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Brent L. Black

Balancing vegetative growth with fruiting is a primary concern in strawberry (Fragaria ×ananassa Duch.) production. Where nursery plant selection and preconditioning are inadequate for runner control, additional approaches are needed. The gibberellin biosynthesis inhibitor prohexadione-Ca (commercial formulation Apogee) was tested over two seasons for suppressing fall runners of `Chandler' plug plants in a cold-climate annual hill production system. Prohexadione-Ca was applied as a foliar spray at active ingredient concentrations ranging from 60 to 480 mg·L-1, either as a single application 1 week after planting, or repeated at 3-week intervals. The lowest rate resulted in inadequate runner control, with some runners producing malformed daughter plants. Higher rates resulted in 57% to 93% reductions in fall runner numbers, with a concomitant increase in fall branch crown formation. There were no effects of the prohexadione-Ca treatments on plant morphology the following spring, and no adverse effects on fruit characteristics or yield. Chemical names used: prohexadione-calcium, calcium 3-oxido-4-propionyl-5-oxo-3-cyclohexene-carboxylate.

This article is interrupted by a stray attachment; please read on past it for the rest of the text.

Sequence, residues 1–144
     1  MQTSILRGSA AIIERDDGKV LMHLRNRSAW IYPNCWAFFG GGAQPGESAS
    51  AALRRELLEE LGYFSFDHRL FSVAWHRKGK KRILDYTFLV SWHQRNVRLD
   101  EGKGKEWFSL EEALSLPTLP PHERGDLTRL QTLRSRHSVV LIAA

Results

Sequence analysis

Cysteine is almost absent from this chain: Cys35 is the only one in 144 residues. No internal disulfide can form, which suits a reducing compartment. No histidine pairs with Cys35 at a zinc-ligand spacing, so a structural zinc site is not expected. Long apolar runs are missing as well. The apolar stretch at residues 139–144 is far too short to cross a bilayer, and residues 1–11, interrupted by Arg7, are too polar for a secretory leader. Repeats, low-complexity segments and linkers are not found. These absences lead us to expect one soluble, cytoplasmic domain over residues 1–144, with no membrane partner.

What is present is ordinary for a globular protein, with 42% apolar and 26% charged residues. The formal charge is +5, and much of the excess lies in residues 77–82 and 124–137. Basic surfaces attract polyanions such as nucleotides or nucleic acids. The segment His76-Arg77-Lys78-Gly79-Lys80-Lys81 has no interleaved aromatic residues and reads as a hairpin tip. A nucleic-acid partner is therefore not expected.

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George J. Hochmuth, Earl E. Albregts, Craig C. Chandler, John Cornell and Jay Harrison

Strawberries (Fragaria ×ananassa Duch.) were grown in two seasons at Dover, Fla., with polyethylene mulch and drip irrigation. Nitrogen was injected weekly at 0.28 (50), 0.56 (100), 0.84 (150), 1.12 (200), and 1.40 (250) kg N/ha per day (kg·ha-1 for season) for `Oso Grande' and `Sweet Charlie' in 1991-92 season and for `Oso Grande' and `Seascape' in 1992-1993 season. Nitrogen fertilization in 1991-1992, over the range of 0.28 to 1.40 kg N/ha per day, had no significant effect on early (November to January) strawberry yields. March (the largest production month) yield and total-season yield increased with increasing N fertilization to 0.76 and 0.54 kg N/ha per day, respectively. Nitrogen fertilization did not affect yields of strawberry in 1992-93. Fruit firmness and average fruit weight were not affected by N fertilization from 0.28 to 1.40 kg N/ha per day. Nitrogen fertilization increased whole leaf N, leaf blade N, and petiole sap nitrate-N concentrations linearly for most sampling dates in both years. Early yields were greater for `Sweet Charlie' than `Oso Grande'. Yields were greater for `Oso Grande' during March, and total-season yields were similar for both cultivars in 1991-92. `Oso Grande' had greater early, March, and total yields than `Seascape' in 1992-93.